31st. We kept down Reedy Creek to Holston where we measured an Elm 25 ft. round 3 ft. from the ground. we saw young Sheldrakes we went down the River to the north Fork and up the north fork about a quarter of a mile to a Ford, and then crossed it. In the Fork between the Holstons and the North River, are five Indian Houses built with loggs and covered with bark, and there were abundance of Bones, some whole Pots and pans some broken. and many pieces of mats and Cloth. On the west side of the North River, is four Indian Houses such as before mentioned. we went four miles below the North River and camped on the Bank of the Holstons, opposite to a large Indian Fort. (18)
April ye 1st. The Sabbath. we saw Perch, Mullets, and Carp in plenty, and caught one of the large Sort of Cat Fish. I marked my name, the day of the Month, and date of the year on Several Beech Trees.
2nd. we left Holston and travelled through Small Hills till about Noon, when one of our horses being choaked by eating Reeds too gredily, we stopped having traveled 7 miles. (19)
3rd. Our hourse being recover'd, we travelled to the Rocky Ridge. I went up to the top, to look for a pass but found it so rocky that I concluded not to attempt it there. This ridge may be known by Sight, at a distance. To the Eastward are many small mountains, and a Buffaloe Road between them & the Ridge. The growth is Pine on the top and the rocks look white at a distance. we went Seven miles this day. (20)
4th. We kept under the Rocky Ridge crossing several small Branches to the head of Holly Creek. we saw many small licks and plenty of Deer. (21)
5th. we went down Holly Creek. There is much Holly in the Low Grounds and some Laurel and Ivy. About three in the afternoon, the Ridge appeared less stony and we passed it, (22) and camped on a small Branch about a mile from the top. my riding Horse choaked himself this evening and I drenched him with water to wash down the Reeds, and it answered the End.
6th. It proving wet we did not move.
7th. We rode 8 miles over Broken ground. It snowed most of the day. In the evening our dogs caught a large He Bear, which before we could come up to shoot him had wounded a dog of mine, so that he could not travel, and we carried him on Horseback till he recovered.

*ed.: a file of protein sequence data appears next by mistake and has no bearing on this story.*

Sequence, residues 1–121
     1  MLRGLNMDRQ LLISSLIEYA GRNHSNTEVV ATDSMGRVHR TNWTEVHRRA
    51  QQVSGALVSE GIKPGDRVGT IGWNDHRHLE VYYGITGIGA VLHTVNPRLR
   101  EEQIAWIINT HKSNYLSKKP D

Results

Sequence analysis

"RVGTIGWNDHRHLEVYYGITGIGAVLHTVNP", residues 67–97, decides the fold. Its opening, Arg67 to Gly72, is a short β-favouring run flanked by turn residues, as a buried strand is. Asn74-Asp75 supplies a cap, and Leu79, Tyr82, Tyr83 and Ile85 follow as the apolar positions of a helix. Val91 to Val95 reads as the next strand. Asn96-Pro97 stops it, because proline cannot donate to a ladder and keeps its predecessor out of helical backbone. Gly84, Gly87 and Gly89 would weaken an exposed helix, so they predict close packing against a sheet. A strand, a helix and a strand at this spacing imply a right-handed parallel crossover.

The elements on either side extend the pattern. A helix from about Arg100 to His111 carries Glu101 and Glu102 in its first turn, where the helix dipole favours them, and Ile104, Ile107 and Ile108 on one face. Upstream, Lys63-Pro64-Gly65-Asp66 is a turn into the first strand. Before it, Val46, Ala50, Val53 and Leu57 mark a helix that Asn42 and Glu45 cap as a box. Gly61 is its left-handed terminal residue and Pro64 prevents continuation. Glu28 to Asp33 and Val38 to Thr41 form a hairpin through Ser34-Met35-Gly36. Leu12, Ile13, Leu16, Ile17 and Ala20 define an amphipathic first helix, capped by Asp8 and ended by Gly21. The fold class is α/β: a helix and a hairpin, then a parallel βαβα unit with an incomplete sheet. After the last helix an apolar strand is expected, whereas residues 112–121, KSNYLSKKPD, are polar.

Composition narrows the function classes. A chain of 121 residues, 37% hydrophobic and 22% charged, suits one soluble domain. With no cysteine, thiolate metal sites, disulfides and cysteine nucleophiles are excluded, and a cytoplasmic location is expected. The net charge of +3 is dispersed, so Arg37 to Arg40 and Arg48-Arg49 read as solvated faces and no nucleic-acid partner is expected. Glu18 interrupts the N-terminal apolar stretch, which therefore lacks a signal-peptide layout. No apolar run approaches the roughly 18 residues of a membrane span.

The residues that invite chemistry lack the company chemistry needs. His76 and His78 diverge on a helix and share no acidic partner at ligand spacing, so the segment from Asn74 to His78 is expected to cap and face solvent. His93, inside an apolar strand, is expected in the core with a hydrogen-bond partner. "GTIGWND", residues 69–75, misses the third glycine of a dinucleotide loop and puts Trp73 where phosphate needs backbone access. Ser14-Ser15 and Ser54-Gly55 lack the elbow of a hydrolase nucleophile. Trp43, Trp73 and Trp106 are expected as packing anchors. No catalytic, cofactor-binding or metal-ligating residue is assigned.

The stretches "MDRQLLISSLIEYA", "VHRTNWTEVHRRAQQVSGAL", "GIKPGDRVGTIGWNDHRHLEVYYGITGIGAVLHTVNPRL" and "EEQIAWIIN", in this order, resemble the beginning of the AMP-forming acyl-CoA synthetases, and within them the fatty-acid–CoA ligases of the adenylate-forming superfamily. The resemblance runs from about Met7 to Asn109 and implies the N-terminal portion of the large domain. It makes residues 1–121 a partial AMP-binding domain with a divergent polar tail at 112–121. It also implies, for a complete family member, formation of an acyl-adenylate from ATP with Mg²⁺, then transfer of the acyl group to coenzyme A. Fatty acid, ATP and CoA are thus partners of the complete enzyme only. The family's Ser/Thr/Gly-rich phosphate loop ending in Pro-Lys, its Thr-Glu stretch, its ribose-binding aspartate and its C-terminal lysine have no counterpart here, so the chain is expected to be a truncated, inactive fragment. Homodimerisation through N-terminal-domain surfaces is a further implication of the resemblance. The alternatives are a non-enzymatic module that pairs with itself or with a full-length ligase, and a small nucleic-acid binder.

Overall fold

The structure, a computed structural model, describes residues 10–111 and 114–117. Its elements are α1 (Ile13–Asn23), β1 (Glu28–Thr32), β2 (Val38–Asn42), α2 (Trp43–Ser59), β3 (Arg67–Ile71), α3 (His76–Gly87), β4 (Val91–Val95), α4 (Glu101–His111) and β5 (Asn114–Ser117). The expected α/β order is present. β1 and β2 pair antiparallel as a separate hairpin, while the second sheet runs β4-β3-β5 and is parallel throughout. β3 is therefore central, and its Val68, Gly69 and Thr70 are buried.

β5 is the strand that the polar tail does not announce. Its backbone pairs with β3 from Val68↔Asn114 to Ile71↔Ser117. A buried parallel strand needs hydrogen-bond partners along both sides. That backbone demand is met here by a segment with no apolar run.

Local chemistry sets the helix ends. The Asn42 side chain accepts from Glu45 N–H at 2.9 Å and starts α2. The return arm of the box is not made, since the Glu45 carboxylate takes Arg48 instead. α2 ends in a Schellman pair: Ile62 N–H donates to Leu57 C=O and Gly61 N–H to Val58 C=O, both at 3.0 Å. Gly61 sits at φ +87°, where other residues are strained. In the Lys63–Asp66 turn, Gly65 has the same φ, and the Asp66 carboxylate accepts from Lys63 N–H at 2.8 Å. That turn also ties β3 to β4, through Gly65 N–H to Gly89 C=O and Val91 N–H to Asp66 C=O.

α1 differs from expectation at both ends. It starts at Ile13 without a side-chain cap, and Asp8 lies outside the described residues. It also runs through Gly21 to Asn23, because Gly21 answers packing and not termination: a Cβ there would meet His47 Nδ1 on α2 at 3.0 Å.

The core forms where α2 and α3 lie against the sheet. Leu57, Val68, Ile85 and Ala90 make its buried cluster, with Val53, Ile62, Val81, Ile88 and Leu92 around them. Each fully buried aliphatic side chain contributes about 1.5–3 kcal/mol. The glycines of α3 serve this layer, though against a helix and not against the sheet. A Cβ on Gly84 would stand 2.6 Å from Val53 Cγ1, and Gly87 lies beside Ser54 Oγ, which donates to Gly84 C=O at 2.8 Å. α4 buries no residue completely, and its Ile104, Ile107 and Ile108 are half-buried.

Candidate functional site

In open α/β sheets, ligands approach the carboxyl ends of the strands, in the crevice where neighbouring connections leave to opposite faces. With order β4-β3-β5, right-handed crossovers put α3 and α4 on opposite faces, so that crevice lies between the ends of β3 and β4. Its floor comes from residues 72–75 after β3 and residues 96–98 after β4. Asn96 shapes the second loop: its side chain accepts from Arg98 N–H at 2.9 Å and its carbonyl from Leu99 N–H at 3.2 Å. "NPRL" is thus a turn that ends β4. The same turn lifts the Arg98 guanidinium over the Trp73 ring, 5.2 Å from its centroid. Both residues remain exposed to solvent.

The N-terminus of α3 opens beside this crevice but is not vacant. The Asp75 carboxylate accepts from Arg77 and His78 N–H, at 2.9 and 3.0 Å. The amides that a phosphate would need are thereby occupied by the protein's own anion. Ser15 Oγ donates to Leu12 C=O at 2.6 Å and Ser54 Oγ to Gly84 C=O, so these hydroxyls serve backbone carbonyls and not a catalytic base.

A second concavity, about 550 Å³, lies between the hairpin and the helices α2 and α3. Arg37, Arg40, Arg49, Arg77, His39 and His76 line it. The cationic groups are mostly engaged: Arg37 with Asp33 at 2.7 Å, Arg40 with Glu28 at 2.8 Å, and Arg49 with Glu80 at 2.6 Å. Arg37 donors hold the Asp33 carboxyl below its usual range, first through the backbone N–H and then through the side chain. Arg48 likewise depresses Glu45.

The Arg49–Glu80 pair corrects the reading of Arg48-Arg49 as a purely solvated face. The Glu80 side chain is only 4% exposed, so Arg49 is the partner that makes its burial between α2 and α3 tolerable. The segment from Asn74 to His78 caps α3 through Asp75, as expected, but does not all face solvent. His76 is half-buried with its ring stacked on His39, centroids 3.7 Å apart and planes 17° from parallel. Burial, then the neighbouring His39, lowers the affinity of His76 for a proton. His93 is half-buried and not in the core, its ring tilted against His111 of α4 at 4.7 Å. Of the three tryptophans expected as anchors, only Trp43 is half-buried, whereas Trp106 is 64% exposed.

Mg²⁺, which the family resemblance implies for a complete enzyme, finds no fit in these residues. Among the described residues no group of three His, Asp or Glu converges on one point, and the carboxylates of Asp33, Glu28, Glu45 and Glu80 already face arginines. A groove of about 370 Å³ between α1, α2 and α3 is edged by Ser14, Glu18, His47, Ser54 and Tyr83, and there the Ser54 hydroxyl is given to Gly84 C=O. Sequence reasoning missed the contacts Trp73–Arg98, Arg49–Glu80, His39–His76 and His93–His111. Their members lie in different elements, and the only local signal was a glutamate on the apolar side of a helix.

8th. The Sabbath. Still Snow.
9th. We travelled to a river, which I suppose to be that which the Hunters call Clinches River from one Clinch a Hunter, who first found it. (23) we marked several Beeches on the East Side. we could not find a ford Shallow eneugh to carry our Baggage over on our Horses. Ambrose Powell Forded over on one horse and we drove the others after him. We then made a raft and carried over one load of Baggage, but when the raft was brought back, it was so heavy that it would not carry anything more dry.
10 Summers states that "Peak Creek enters the New River near the village of Newburn, in Pulaski Co.," and that Reed Creek was "Probably Reed Creek in Wythe County." The 1751 Fry-Jefferson map, however, shows Peak and Reedy as only a few miles apart, both on the west side of the New River, which seems more likely since Williams states that Max Meadows is the present (1928) name of the Reedy Creek site near McCall's, and that "James McCall served in Col. William Christian's campaign against the Cherokees in 1776."
11 Williams begins his transcription with this date, but shows the above as "bought what Bacon I wanted."
12 Summers identifies this location as "the Middle fork of the Holston, which joins the South Fork of Holston near Abingdon and forms the Tennessee," adding that "The Holston was called by the Indians first the Cat-Cloo, afterward the Watauga. It took its name, its present name, from an early hunter and explorer named Holston or Holstein." Stephen Holston, a corn hunter, settled on the Holston sometime prior to 1749 when the above-referenced 1751 Fry-Jefferson map referred to this as "Holston's River"
13 Summers states that "Samuel Stalnaker was probably, as his name indicates, one of the early pioneers from the Lower Shenandoah Valley or from Penn. of German descent, the family having numerous representatives in the Valley. He was doubtless a hunter and Indian trader who had visited the Cherokees and was acquainted with the route to Cumberland Gap, upon which Dr. Walker had never been or he would not have needed a guide. It was from him evidently that Dr. Walker received information as to certain localities he was about to visit, as Clinch River, Cave Gap, and other points of which as he advanced into Kentucky, he gave previous information. It was not improbable that the route from the Ohio River to the Cumberland Gap and the Cherokee country, which at that time was defined and known as